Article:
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Georgia truck wreck spills explosive ammonium nitrate

A recent truck accidnet on I-20 about 45 miles west of Augusta, Georgia, involved a truck loaded with 24 tons of ammonium nitrate used both as an oxidyzing agent in explosives and as fertilizer, overturned and began leaking. Three people were reported injured.

Ammonium nitrate mixed with diesel fuel is quite a volatile mix. If this spill occurred in a heavily populated area, and a spark was added, it could have had monumentally catastrophic consequences. Ammonium nitrate is a key component of military explosives such as the “daisy cutter” bomb. It was involved in the bombing of the Oklahoma City federal building bombing in 1995, as well as several accidental explosions in ports around the world over several generations.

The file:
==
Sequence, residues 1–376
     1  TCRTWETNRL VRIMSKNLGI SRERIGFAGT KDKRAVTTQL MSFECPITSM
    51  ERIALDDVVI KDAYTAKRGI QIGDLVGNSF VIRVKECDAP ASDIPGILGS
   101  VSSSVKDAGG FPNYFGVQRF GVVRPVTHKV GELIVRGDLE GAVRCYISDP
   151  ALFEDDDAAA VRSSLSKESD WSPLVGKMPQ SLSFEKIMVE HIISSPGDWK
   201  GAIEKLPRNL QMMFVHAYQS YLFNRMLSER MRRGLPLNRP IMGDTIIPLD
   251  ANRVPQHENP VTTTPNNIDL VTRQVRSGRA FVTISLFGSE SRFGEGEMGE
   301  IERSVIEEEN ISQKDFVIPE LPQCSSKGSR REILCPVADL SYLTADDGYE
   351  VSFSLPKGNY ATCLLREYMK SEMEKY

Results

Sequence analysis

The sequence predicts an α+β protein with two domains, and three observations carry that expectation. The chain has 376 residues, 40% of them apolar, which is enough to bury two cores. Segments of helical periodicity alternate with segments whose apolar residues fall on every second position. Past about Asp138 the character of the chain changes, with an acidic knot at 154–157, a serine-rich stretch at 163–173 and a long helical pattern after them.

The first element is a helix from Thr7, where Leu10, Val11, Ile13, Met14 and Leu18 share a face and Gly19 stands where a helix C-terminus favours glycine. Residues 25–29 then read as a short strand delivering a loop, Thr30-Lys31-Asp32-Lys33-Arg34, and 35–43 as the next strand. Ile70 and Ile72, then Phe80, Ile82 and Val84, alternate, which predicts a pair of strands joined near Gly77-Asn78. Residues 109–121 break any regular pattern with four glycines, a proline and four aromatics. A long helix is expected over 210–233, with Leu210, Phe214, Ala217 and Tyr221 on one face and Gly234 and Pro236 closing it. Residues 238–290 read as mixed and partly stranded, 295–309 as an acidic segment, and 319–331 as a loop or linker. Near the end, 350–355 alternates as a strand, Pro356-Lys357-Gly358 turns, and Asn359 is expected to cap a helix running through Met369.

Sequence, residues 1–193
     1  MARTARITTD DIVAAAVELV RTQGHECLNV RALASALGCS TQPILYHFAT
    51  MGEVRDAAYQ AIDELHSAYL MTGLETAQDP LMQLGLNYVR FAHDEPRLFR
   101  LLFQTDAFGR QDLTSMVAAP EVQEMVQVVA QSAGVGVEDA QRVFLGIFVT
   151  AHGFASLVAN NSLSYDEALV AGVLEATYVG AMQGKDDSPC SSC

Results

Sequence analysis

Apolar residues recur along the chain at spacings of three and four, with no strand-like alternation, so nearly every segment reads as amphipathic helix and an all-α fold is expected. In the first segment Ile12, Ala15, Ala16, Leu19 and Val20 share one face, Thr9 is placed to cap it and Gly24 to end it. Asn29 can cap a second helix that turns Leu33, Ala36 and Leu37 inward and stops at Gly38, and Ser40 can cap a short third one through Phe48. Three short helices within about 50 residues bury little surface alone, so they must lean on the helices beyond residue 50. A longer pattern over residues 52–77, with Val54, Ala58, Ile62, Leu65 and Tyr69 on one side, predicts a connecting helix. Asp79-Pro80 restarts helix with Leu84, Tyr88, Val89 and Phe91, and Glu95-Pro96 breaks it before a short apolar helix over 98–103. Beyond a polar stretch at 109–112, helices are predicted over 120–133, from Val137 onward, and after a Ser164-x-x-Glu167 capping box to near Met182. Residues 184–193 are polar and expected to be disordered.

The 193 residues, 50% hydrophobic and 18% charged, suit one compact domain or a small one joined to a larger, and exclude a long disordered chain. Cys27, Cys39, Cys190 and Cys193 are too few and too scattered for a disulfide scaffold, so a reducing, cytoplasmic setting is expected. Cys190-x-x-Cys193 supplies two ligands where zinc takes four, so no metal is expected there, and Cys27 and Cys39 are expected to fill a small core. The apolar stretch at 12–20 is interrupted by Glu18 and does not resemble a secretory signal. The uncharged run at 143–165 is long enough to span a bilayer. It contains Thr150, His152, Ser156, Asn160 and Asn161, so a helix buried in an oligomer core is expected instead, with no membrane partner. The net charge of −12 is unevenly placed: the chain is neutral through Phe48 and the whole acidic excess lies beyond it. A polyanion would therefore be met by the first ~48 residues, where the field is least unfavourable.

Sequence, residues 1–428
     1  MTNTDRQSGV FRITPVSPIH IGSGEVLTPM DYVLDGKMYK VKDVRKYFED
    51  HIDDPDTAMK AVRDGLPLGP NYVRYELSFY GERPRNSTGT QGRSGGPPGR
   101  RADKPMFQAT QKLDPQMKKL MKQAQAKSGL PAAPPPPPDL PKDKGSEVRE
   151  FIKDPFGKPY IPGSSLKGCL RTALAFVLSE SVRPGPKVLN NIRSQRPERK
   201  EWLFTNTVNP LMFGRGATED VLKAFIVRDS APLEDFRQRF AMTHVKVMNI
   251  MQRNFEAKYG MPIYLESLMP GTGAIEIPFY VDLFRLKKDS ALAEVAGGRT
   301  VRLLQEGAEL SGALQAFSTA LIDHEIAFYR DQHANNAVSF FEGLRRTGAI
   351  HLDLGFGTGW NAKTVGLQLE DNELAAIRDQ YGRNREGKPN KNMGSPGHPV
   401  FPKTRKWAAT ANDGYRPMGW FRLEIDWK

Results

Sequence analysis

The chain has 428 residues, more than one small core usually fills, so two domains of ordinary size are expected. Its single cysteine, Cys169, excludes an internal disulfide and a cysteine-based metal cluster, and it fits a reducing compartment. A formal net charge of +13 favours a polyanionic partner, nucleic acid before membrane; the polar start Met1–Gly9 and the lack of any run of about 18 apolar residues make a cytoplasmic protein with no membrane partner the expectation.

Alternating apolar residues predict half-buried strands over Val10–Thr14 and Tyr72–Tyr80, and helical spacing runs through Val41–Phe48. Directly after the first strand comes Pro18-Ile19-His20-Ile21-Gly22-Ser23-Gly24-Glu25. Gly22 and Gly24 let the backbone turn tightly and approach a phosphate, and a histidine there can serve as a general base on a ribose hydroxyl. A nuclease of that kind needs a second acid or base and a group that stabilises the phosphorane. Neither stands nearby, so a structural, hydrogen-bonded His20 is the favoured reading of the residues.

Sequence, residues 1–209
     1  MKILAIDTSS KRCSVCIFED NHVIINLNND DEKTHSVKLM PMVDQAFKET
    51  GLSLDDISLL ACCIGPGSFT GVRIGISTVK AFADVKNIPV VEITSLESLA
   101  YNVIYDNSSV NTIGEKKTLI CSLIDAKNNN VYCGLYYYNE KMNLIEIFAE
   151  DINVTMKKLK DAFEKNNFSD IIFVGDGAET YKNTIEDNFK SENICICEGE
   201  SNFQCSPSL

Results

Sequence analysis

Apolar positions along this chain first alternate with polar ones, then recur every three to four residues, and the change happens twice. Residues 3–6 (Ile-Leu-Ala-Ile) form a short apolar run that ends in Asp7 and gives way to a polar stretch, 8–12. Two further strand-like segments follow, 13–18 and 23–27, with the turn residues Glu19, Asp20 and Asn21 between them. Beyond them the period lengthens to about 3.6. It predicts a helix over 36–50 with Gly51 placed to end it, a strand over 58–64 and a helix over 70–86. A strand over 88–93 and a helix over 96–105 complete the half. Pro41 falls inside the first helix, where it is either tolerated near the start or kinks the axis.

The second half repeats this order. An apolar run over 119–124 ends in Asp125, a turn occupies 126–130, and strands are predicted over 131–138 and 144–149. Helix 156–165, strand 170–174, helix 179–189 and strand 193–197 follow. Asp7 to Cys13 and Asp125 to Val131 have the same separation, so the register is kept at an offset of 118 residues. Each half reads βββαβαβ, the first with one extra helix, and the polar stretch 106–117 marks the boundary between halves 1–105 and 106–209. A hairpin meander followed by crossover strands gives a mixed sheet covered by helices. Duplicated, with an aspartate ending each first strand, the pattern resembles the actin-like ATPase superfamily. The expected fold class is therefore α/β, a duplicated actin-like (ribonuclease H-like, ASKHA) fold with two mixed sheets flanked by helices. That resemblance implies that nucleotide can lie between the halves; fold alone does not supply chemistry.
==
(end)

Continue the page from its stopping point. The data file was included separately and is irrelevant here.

Motor carriers hauling explosives must comply with strict “HazMat” shipping regulations and carry at least $5,000,000 liability insurance under 49 C.F.R.§ §387.303. “HazMat” truck drivers must clear security check by the Department of Homeland Security. However, agricultural ammonium nitrate is exempted from the Hazmat insurance requirements under 49 C.F.R.§ 387.301, even though it was agricultural ammonium nitrate that was used in the Oklahoma City federal building bombing.

Go figure.

The Shigley Law Firm in Atlanta focuses on interstate and intrastate motor carrier liability, including HazMat incidents.